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Is it possible to detect what applications are using OpenGL or DirectX similar to what FRAPS does? (Possibly using some form of hook)? I probably won't need to actually draw to the window, I just need to know what processes are doing some form of 3D rendering for the time being.

(Edit:) In case you are not familiar with it, FRAPS is a program that can be used to draw a "Frame-per-second" counter on a 3D application. FRAPS finds all running 3D applications by itself without needing you to specify the process name.

Example of "Frame Per second" counter drawn to external game: enter image description here

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My guess is that the function you're looking for lies somewhere hidden in Microsoft's Windows APIs. I'd look there for the solution. –  Oskar Aug 5 '12 at 18:04
    
You may take a look at taksi.sourceforge.net. It is an opensource alternative to FRAPS. The biggest thing is you could look into the sources and find what you need. –  JohnGray Aug 6 '12 at 6:00
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Be careful that not all application using DirectX/Direct3d are doing 3D rendering. We use D3D for rendering of H.264 video. –  Deanna Aug 7 '12 at 14:35
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I think this can be helpful for dx ... Hooking DirectX EndScene from an injected DLL –  Zilog Aug 7 '12 at 21:23
    
@Deanna +1 Thanks for the warning Deanna, something else to look out for. –  David Aug 8 '12 at 6:55

3 Answers 3

up vote 6 down vote accepted
+100

Probably the simplest way is to check for the presence of the OpenGL and DirectX core libraries, probably also a good idea to add in the driver OGL dlls in too (such as nvogl), this can be done via EnumProcesses & EnumProcessModulesEx, using p/invoke, this will at least give you a starting set of processes possibly using OGL or DX.

Of course some applications load both of the API's and use only one, or only conditionally use one of the GFX API's (though the latter only occurs with specialized tools and the like), for this, IMO, the best way to check is to perform some form of injection or attaching to the process like a debugger would, then hooking either Present for DX or wglSwapBuffers for OGL.

You might be about to get away with not using a hook by enumerating the GDI handles and looking for the DXGI or OGL render contexts, how viable this is, I don't know.

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From MSDN: "If this function is called from a 32-bit application running on WOW64, it can only enumerate the modules of a 32-bit process. If the process is a 64-bit process, this function fails and the last error code is ERROR_PARTIAL_COPY (299)." This wasn't in the question, but I need something which works on both 32/64bit. What if the process is 64 bit? Does this mean that if I compile the app to 64 bit it should work with 32/64? Or only that if you are 32 bit you can't enumerate 64 bit apps? –  David Aug 8 '12 at 12:46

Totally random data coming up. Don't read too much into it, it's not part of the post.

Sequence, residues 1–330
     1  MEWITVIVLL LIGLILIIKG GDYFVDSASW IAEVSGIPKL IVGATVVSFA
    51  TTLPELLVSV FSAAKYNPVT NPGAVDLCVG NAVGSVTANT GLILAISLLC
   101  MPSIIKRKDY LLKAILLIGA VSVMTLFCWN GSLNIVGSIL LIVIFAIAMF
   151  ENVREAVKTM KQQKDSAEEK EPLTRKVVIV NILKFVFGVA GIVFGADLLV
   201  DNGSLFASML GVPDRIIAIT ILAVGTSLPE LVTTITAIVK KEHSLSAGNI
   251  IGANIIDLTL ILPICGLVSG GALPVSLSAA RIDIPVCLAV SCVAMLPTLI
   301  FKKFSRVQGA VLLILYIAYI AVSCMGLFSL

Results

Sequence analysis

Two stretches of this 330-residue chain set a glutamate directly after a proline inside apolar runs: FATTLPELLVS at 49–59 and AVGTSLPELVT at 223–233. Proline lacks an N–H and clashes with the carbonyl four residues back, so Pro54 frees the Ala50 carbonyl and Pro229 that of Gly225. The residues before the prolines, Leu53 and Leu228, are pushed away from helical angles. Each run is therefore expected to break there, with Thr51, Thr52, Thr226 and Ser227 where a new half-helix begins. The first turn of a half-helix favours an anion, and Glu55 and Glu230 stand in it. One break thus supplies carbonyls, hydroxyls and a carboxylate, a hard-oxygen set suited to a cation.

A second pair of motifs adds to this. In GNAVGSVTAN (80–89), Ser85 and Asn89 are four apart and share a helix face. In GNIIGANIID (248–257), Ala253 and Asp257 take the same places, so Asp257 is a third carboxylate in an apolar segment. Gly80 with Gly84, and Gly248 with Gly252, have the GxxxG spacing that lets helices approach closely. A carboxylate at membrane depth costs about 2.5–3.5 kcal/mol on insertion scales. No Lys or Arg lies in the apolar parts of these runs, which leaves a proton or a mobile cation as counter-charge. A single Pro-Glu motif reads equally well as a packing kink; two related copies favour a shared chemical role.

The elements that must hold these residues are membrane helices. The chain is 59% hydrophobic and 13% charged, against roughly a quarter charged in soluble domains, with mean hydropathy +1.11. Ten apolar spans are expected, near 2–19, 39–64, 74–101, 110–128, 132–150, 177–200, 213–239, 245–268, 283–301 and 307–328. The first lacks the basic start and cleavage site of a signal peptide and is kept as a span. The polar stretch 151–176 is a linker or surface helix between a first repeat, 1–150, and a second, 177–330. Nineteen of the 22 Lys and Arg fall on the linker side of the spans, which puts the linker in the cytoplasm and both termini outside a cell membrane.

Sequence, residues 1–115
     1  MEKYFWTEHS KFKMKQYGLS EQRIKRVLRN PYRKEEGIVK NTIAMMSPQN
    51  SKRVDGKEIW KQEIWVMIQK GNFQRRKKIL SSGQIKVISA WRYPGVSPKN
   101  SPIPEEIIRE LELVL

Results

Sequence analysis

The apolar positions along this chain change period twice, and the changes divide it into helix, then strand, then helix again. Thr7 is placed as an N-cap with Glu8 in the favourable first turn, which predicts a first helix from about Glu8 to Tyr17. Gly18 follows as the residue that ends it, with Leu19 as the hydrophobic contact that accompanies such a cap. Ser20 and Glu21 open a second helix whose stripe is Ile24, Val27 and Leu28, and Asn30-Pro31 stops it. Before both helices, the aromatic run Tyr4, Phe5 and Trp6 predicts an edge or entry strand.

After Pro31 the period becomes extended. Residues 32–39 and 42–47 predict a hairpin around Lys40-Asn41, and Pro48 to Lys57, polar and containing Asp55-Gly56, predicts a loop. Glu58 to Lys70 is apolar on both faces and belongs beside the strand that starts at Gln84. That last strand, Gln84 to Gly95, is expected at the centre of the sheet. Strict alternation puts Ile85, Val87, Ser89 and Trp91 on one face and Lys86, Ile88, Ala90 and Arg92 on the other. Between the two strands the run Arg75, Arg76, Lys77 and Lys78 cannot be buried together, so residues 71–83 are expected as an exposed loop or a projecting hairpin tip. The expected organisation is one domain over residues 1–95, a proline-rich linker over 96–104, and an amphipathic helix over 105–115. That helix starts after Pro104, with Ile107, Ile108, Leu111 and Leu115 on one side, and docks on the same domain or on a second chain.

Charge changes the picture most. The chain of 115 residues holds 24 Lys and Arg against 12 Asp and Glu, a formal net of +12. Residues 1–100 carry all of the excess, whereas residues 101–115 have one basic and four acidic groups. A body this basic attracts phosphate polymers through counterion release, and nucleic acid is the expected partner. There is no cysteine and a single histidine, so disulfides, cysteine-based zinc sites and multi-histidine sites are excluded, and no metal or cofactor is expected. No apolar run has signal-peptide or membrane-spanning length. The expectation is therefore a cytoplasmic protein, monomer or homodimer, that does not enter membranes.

@David: there is a 32 & 64 bit variant available(EnumProcessModulesEx), you'll need a 64bit app to get both 32 and 64 bit processes however (see remarks), and you'll still need a 32bit build for 32bit OSes. –  Necrolis Aug 8 '12 at 13:59

From what I understand, FRAPS uses a relatively brute force approach to determining where to lay down shop. The process gets started with SetWindowsHookEx to request that the OS load the FRAPS hook DLL into every running process it can [and future processes]. The magic in the DLL comes down to running a procedural set of tests using GetModuleHandleA to observe if the process it is attached to has loaded any OpenGL/DirectX modules. If all calls return NULL, the hook attempts to remove itself from the process.

On the other hand, if the process has loaded them, it simply hooks the appropriate rendering function from that library by removing protection and injecting a JMP hook. wglSwapBuffers is typically the only relevant one in OpenGL. When the process calls this function, it ends up calling the FRAPS module and then FRAPS captures the back buffer into its queue for encoding to AVI and renders its little indication. Then it processes the original request for wglSwapBuffers and returns the execution back to the program.

As far as querying in C#... review EasyHook (http://easyhook.codeplex.com/) and see if it doesn't work for you. I personally have no experience with this API.

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You should take a look at How to overlay graphics on Windows games? and the linked article http://www.ring3circus.com/gameprogramming/case-study-fraps/.

The second link has some concept code that should do the actual hook part. It also goes into some greater detail about how and why than I feel like copying and pasting into this answer.

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